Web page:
Stephen's Guide to the Logical Fallacies

Stephen's Guide to the Logical Fallacies ~ Undistributed Middle


Contents

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  • All Fallacies
  • The Fallacies

  • False Dilemma
  • Argument From Ignorance
  • Slippery Slope
  • Complex Question
  • Appeal to Force
  • Appeal to Pity
  • Appeal to Consequences
  • Prejudicial Language
  • Appeal to Popularity
  • Anonymous Authorities
  • Coincidental Correlation
  • Attacking the Person
  • Appeal to Authority
  • Converse Accident
  • Style Over Substance
  • Unrepresentative Sample
  • Hasty Generalization
  • False Analogy
  • Slothful Induction
  • Fallacy of Exclusion
  • Accident
  • Joint Effect
  • Genuine but Insignificant Cause
  • Wrong Direction
  • Complex Cause
  • Begging the Question
  • Irrelevant Conclusion
  • Straw Man
  • Equivocation
  • Amphiboly
  • Accent
  • Composition
  • Division
  • Affirming the Consequent
  • Denying the Antecedent
  • Inconsistency
  • Fallacy of Four Terms
  • Undistributed Middle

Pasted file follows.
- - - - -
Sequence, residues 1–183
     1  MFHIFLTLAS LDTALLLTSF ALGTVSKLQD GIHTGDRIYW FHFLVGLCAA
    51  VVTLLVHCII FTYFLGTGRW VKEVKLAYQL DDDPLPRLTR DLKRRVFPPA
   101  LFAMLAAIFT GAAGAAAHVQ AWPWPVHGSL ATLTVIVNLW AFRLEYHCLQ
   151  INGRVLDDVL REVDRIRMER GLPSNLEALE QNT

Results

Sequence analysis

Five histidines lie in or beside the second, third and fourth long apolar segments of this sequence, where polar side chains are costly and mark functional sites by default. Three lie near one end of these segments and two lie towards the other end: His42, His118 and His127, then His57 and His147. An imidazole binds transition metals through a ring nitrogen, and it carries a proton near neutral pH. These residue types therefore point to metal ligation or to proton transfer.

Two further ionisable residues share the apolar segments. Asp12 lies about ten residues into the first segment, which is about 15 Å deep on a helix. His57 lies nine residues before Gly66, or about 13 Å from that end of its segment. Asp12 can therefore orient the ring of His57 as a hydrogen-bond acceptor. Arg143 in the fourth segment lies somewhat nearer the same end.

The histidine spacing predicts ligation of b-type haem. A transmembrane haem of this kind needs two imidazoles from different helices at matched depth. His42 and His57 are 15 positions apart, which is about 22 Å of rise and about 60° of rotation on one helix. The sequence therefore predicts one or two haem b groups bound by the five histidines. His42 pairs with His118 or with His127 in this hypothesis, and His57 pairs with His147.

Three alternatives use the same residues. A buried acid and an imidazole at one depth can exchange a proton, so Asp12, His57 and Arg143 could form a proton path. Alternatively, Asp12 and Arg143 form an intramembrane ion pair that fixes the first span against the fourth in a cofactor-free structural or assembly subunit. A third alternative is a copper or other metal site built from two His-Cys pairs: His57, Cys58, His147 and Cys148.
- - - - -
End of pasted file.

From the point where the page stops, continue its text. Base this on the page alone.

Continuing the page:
• Illicit Major
  • Illicit Minor
  • Fallacy of Exclusive Premises
  • Drawing an Affirmative Conclusion From a Negative Premise
  • Existential Fallacy
  • Subverted Support
  • Non-Support
  • Untestability
  • Limited Scope
  • Limited Depth
  • Too Broad
  • Too Narrow
  • Undistributed Middle

    Category:

    Definition: Two separate categories are said to be connected because they share a common property

    Examples:

    Proof:

    The middle term in the premises of a standard form categorical syllogism never refers to all of the members of the category it describes.

    Show how each of the two categories identified in the conclusion could be separate groups even though they share a common property. Copi and Cohen: 207


    Created by Stephen Downes, Copyright 2023 CC By-NC-SA